The diary of a 14-year-old Jewish girl, dubbed the "Polish Anne Frank," unveiled by Israel's Holocaust museum more than 60 years after the teenager wrote it.
"The rope around us is getting tighter and tighter," Rutka Laskier wrote in 1943 shortly before she was deported to Auschwitz. "I'm turning into an animal waiting to die."
Within a few months Rutka did die and, it seemed, so did her diary. But last year, a Polish friend who had safeguarded the notebook finally came forth, exposing a riveting historical document.
"Rutka's Notebook" is both a daily account of the horrors of the Holocaust in Bedzin, Poland, and a scrapbook detailing the life of a typical teenager in extraordinary circumstances. The 60-page memoir includes innocent adolescent banter, concerns and first loves combined with a cold analysis of the fate of European Jewry.
Six million Jews were killed by the Nazis during World War II, after European Jews were herded into ghettos, banned from most jobs and forced to wear yellow stars to identify them.
"I simply can't believe that one day I will be allowed to leave this house without the yellow star. Or even that this war will end one day. If this happens I will probably lose my mind from joy," she wrote on Feb. 5, 1943. "The little faith I used to have has been completely shattered. If God existed, He would have certainly not permitted that human beings be thrown alive into furnaces, and the heads of little toddlers be smashed with butt of guns or be shoved into sacks and gassed to death."
Reports of the gassing of Jews, which were not common knowledge in the West by then, apparently filtered into the Bedzin ghetto, which was near Auschwitz, Yad Vashem experts said.
The following day she opened her entry with a heated description of her hatred toward her Nazi tormentors, but then, in an effortless transition, she speaks about her crush on a boy named Janek and the anticipation of a first kiss.
"I think my womanhood has awoken in me. That means, yesterday when I was taking a bath and the water stroked my body, I longed for someone's hands to stroke me," she wrote. "I didn't know what it was, I have never had such sensations until now."
Later that day, she shifted back to her harsh reality, casually describing watching a Nazi soldier tearing a Jewish baby away from its mother and killing it with his bare hands.
In addition to chronicling her life in the diary, between January-April 1943, Rutka also shared it with her friend Stanislawa Sapinska. The two met after Rutka's family moved into a home owned by Sapinska's family, which had been confiscated by the Nazis to be included in the Bedzin ghetto. Sapinska randomly came to inspect the home and the young girlsone Jewish, one Christian formed a deep bond.
When Rutka feared that she would not survive, she told her friend about the diary. Sapinska offered to hide it in the basement under the floorboards. After the war, she returned to reclaim it.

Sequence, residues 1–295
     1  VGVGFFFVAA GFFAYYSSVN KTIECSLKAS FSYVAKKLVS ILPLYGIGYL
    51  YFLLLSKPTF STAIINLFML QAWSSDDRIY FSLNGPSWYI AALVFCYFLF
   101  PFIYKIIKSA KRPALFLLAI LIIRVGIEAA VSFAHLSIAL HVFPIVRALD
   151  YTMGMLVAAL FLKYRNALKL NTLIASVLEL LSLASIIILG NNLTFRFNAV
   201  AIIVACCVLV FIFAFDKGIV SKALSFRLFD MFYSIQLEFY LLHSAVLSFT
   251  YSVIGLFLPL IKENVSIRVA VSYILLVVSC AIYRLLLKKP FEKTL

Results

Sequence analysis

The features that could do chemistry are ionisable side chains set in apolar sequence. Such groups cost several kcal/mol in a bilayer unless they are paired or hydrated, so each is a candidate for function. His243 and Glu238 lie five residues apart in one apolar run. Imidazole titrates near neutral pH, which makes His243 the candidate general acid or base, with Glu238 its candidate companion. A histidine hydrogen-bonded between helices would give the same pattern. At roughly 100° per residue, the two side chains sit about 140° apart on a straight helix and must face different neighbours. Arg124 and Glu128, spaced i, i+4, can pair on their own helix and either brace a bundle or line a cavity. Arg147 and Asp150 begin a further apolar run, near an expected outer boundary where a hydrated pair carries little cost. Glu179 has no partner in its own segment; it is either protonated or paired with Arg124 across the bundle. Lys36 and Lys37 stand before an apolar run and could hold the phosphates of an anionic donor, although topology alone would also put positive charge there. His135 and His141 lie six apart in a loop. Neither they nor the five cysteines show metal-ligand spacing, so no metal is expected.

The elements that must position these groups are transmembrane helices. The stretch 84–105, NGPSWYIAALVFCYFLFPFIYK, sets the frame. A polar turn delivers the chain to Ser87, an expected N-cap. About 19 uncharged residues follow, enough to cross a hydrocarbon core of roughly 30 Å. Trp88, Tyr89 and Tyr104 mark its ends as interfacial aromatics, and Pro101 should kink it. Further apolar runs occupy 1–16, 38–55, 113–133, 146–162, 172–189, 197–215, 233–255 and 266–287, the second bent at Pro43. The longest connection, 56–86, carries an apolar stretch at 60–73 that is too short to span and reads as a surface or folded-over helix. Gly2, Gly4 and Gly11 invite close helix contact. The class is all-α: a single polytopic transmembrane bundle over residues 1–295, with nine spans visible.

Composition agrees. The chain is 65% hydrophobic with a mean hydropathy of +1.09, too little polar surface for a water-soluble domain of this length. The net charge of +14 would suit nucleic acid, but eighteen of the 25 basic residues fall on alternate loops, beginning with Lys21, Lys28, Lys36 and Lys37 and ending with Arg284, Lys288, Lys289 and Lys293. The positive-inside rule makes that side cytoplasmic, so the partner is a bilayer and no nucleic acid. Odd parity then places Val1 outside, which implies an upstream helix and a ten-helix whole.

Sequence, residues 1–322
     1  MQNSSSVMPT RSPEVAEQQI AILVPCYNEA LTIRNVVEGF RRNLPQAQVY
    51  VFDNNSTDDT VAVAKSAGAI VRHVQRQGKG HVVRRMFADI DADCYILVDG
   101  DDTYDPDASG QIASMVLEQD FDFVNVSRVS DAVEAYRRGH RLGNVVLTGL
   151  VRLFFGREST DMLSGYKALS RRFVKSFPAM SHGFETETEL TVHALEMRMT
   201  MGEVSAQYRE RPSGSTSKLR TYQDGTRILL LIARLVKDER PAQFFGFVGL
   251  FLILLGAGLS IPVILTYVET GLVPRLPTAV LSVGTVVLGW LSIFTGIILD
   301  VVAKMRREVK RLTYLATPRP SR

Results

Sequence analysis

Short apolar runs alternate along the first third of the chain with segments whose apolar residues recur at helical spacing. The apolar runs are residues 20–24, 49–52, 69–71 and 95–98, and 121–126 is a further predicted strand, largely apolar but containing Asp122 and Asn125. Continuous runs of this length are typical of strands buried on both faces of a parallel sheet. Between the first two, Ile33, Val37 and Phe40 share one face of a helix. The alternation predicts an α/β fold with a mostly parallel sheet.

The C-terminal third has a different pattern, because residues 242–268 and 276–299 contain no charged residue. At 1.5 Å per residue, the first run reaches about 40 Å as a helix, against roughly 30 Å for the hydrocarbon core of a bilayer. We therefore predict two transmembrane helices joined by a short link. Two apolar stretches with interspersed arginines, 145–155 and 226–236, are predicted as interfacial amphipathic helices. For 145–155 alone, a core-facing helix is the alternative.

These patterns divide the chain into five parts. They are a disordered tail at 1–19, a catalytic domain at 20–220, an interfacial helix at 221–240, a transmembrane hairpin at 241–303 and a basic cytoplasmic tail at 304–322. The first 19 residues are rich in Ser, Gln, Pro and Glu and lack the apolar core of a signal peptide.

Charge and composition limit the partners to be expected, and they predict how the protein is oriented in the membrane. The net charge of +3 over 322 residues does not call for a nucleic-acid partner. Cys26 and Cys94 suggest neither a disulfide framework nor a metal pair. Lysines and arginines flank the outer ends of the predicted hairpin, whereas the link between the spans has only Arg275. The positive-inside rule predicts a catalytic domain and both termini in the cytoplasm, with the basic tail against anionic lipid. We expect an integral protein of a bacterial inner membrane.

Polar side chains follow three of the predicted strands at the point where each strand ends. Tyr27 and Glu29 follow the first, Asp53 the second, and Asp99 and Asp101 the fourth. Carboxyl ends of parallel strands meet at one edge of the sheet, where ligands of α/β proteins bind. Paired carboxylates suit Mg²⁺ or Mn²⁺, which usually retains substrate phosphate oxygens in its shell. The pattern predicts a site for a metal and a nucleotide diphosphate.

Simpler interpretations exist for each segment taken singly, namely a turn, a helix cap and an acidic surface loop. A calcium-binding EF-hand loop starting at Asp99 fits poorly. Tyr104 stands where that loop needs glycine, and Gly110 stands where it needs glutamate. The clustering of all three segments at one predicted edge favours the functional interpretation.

"She wanted me to save the diary," Sapinska, now in her late 80s, recalled Monday. "She said 'I don't know if I will survive, but I want the diary to live on, so that everyone will know what happened to the Jews."'
Yet, Sapinska stashed the diary away in her home library for more than 60 years. She said it was a precious memento and thought it to be too private to share with others. Only at the behest of her young nephew did she agree to hand it over last year.
"He convinced me that it was an important historical artifact," she said in Polish.
In 1943, Rutka was exactly the same age as Anne Frank, the Dutch teenager whose Holocaust diary has become one of the most widely read books in the world. Yad Vashem said Rutka's newly discovered diary was authenticated by experts and Holocaust survivors.
Rutka's father, Yaakov, was the family's only survivor. He died in 1986. But unlike Anne Frank's father, he kept his painful past inside. After the war, he moved to Israel, where he started a new family. His Israeli daughter, Zahava Sherz, said her father never spoke of his other children, and the diary introduced her to the long-lost family she never knew.
"I was struck by this deep connection to Rutka," said Sherz, 57. "I was an only child, and now I suddenly have an older sister. This black hole was suddenly filled, and I immediately fell in love with her."
"I have a feeling that I am writing for the last time," Rutka wrote on Feb. 20, 1943, as Nazi soldiers began gathering Jews outside her home for deportation. "I wish it would end already! This torment; this is hell. I try to escape from these thoughts of the next day, but they keep haunting me like nagging flies. If only I could say, it's over, you only die once ... but I can't, because despite all these atrocities I want to live, and wait for the following day."
However, Rutka would write again. Her last entry is dated April 24, 1943, and her last written words are: "I'm very bored. The entire day I'm walking around the room. I have nothing to do."
In August, she and her family were shipped to Auschwitz, the largest Nazi concentration camp. She is believed to have been murdered upon arrival.
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